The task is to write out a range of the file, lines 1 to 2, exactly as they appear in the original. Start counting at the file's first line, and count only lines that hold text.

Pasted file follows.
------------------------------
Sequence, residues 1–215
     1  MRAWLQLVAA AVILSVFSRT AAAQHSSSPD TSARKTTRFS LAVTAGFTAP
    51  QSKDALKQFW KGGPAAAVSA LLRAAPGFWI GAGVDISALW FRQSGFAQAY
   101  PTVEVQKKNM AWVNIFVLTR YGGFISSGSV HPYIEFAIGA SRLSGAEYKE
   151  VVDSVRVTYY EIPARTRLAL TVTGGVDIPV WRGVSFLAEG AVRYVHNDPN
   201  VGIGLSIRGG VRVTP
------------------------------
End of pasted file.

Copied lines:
Sequence, residues 1–215
     1  MRAWLQLVAA AVILSVFSRT AAAQHSSSPD TSARKTTRFS LAVTAGFTAP